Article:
Why evangelism is so difficult in the United States.

Anyone who has spent any time doing street evangelism knows how discouraging it can be at times. A book I’m reading by Ken Ham and Brit Beemer entitled Already Gone: Why Your Kids Will Quit Church And What You Can Do To Stop It helps us to better understand just why evangelism in America is like pushing water up a hill.

For this book 1,000 people in their twenties who used to regularly attend church–as kids and teens (including Sunday school and youth groups) but who no longer darken the door of a church–were polled on the various reasons they no longer attend. Those polled were asked 78 questions in all but one of the more revealing responses came from this question:

Do you believe you are saved and will go to heaven upon death?

Of the group who never attends church: 58.7% said yes.

Of the group who attends church on Christmas and Easter only: 72.2% said yes.

Perhaps this sheds a little light on why it is so difficult to reach the “churched” and “unchurched” with the true gospel of Jesus Christ. You can’t convince a sick man to have an operation if he fails to recognize his illness.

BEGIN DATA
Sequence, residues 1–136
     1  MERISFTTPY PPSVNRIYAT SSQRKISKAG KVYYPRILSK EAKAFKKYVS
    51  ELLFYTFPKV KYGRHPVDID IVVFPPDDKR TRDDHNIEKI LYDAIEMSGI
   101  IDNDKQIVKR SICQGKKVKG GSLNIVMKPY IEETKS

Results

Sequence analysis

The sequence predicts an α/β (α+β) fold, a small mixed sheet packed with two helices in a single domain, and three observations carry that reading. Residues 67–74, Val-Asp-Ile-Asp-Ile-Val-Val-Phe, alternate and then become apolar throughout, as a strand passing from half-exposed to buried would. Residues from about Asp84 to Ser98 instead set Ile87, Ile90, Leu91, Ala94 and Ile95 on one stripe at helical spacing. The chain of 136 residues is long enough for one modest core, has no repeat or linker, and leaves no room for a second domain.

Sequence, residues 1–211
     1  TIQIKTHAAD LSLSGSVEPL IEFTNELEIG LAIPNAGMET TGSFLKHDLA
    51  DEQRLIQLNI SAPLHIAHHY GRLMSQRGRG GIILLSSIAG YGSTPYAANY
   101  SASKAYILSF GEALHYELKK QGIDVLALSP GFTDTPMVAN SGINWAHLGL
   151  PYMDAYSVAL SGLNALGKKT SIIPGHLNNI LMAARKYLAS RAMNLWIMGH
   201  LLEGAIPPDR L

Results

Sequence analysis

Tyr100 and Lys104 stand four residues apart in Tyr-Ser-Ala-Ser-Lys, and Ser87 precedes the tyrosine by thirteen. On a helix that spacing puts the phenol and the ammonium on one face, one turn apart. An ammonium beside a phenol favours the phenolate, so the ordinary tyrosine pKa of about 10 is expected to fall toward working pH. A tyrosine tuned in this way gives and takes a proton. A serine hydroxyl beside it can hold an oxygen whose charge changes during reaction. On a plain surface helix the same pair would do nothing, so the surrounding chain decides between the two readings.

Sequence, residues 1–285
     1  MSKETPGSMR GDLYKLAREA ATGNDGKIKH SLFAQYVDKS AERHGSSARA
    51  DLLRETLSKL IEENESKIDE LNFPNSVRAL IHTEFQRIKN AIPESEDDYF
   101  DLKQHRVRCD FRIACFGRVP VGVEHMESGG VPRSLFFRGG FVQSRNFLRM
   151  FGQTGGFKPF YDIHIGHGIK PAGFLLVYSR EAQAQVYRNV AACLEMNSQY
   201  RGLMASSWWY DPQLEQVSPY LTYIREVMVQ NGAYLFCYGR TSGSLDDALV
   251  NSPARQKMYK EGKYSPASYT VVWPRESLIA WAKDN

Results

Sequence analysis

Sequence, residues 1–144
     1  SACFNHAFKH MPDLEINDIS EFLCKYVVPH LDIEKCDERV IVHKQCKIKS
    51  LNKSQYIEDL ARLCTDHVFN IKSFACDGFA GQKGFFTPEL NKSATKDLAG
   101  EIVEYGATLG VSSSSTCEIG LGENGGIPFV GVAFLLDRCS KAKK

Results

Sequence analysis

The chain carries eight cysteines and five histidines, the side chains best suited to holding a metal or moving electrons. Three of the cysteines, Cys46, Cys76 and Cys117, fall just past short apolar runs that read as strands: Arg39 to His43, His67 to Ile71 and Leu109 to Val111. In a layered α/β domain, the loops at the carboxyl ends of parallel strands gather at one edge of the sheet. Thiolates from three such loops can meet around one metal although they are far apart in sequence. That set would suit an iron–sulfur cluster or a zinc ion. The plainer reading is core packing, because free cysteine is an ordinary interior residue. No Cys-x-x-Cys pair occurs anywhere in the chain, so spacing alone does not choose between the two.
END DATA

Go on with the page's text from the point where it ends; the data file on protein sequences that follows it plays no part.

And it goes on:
14 thoughts on “Why evangelism is so difficult in the United States.

  1. shane says:

    I got to share the Gospel with some family members last weekend.
    One of my cousins said I shouldn’t talk about other peoples religions. I told her that Jesus said He is the only way to God. Since that is the truth and I believe that truth, I have no choice but to warn of other religions.
    Down here in the Bible belt most people are “Christians”.

    Pilgrim:

    Perhaps this sheds a little light on why it is so difficult to reach the “churched” and “unchurched” with the true gospel of Jesus Christ. You can’t convince a sick man to have an operation if he fails to recognize his illness.

    That is definitely one thing I have noticed. People are not being taught what sin is. I think that is the problem with some of the “sinless perfectionists” I know and the one’s that think that man’s standard of morality is what God looks at.

  2. The data cited merely reflects what the Bible tells us: Many are called and few are chosen. Many will come to Christ on judgment day thinking they saved, being mistaken on that very point.

    All the more reason why evangelism must not be twisted into what lost folks want to hear. We must be obedient to proclaim the biblical Gospel – man is dead in sin and Christ alone can save.

    He will save those whom the Father has given Him.

  3. Manfred mentioned another essential truth—man is dead in sin. How often is that preached from America’s pulpits?
    It is easier to share the Gospel with an unbeliever than with someone who insists they’re ‘saved’; the saved person is under the impression that all is well.